Diamond aircraft seem to have been the go-to choice for electrification, with Boeing and Airbus fielding different versions powered by an array of powerplants. In 2008,Boeing’s fuel cell-powered craft, a DA-36 Dimona motorglider, “was modified by [Boeing Research and Technology Europe] (BR&TE) to include a Proton Exchange Membrane (PEM) fuel cell/lithium-ion battery hybrid system to power an electric motor coupled to a conventional propeller.” Airbus’ 2011 DA-36 “E-Star’s” propeller was powered by a 70kW electric motor from Siemens, with electricity supplied by a small Wankel engine from Austro Engine with a generator functioning solely as a power source. In 2014, Airbus showed an improved version of this craft at the Paris Air Show. Erik Lindbergh chose the Diamond HK-36 for his Powering Imagination testbed, using a donated YASA 750 motor for power.
For all that electrifying experimentation, the airplane as normally configured with a Rotax engine has continued as a trainer and motorglider around the world. Now, a larger member of the family will be used as a platform for a Diesel-hybrid power system.
Diamond Aircraft and Siemens Motors are crafting a hybrid version of the four-seat DA-40. The test vehicle will have an internal combustion engine which will power a 120 kW generator from Siemens. The engine is an Austro Diesel which weighs 145 kilograms or 414 pounds. Its 1,991 cc, 121.5 cubic inches displacement produces 123.5 kilowatt or 68 horsepower. At best economy running speed, the engine uses 21 liters (a little over 5.5 gallons) of fuel per hour (assumed at full throttle), and charges the batteries, 200 kilograms (440 pounds) of which take up what was once the back seat, rendering the aircraft a two seater.
This is the same compromise reached by Pipistrel with its Panthera, moving down in payload and performance with each move toward greater electrication. Diamond CEO Christian Dries told Aerokurier, “We have no intention to bring this aircraft in this form on the market, it is a pure Versuchtsräger.” Marshall Houston, a friend, helped explain that last word, untranslatable by Google or Bablefish. It means “our own experiment,” with Dries explaining that this one probably won’t go to market in this form, the company waiting like the rest of us for better batteries. “The batteries are now really the bottleneck,” Dries explains.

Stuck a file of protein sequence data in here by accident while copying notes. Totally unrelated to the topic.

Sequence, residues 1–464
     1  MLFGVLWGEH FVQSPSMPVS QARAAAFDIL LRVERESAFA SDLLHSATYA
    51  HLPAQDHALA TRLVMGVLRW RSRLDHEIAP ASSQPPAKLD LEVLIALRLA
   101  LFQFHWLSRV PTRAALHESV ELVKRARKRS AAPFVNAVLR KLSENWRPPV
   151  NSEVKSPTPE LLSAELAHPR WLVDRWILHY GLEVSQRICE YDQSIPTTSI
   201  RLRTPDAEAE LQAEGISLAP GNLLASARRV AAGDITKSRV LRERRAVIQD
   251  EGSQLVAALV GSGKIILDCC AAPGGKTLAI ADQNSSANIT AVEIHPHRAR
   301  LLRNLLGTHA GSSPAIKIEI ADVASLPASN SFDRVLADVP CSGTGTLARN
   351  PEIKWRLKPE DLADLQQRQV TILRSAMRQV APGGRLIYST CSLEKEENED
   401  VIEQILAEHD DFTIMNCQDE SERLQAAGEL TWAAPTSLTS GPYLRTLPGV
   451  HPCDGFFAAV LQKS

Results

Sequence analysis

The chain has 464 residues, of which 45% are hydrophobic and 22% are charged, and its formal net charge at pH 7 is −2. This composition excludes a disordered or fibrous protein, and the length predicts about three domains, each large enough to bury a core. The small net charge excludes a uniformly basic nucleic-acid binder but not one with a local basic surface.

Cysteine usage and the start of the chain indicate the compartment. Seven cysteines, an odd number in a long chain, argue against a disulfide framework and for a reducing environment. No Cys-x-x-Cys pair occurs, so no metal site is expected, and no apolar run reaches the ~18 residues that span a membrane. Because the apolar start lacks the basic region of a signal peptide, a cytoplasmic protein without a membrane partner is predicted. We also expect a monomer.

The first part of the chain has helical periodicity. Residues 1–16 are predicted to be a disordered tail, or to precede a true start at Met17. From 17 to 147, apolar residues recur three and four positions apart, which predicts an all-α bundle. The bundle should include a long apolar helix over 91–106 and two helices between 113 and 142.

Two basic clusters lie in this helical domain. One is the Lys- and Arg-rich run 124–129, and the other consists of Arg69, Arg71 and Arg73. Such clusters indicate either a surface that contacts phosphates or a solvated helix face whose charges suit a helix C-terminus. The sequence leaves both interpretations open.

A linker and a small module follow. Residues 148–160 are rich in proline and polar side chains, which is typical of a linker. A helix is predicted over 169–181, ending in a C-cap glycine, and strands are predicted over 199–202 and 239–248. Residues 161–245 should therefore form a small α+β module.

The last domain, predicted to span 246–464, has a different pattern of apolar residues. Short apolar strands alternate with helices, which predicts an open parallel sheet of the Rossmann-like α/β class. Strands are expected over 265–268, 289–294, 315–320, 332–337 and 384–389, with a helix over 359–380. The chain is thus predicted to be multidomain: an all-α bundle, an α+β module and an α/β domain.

Diamond will try for test flights by the end of the year. Motors might operate at a seemingly high voltage. “1,200 volts seem to me the best solution,” said Dries.
AvWeb reports the two Siemens motors weigh less than 30 pounds each and produce 85 kilowatts or 114 hp, essentially a pair of the same motor powering Pipistrel’s Alpha Electro Trainer. The conceptual illustrations released so far show each motor on the end of a canard-like extension on the airplane’s nose, sprouting from where the Lycoming engine would normally fit.
The AvWeb report has Dries claiming that at normal cruise speeds of 110 to 120 knots (126.5 to 138 mph), the airplane could have an endurance of 10 hours, consuming 6 to 7 liters (1.8 gallons) per hour. He explains, “Our first assumption, at the same speed, we have approximately 30 percent more efficiency; 30 percent less fuel at the same speed.” That would indicate a fuel load of 70 liters or about 18 gallons, far below that of the full-tank 41.2 gallons in the standard tanks on a conventional DA-40. Remember, too that Diesel fuel is heavier than gasoline, just under 7 pounds to 6.25 pounds. The significant factor is the battery weight.
Dries said that battery management and power control was the most challenging part of the DA-40 hybrid-drive project, keeping all 200 cells in synch with one another and the power demands placed on them.
Regardless, the aircraft has safe operating possibilities because of a Diesel engine, which tends to be extremely reliable in itself. But it is used to feed batteries which power the two motors. The engine could fail and the batteries and motors would be able to continue flight – a true belt and suspenders approach.
Dries has hopes for the technology, telling AvWeb, which “will allow us to develop airplanes that are slightly different from everything we know now. For example, tilt rotor airplanes that will have the possibility of vertical takeoff, but can also fly at very high speed.”
The Diamond team awaits European Aviation Safety Agency (EASA) approval before starting test flights. Whether the two to three years to achieve full tests will see a change in American certification possibilities for even two seat aircraft remains to be seen.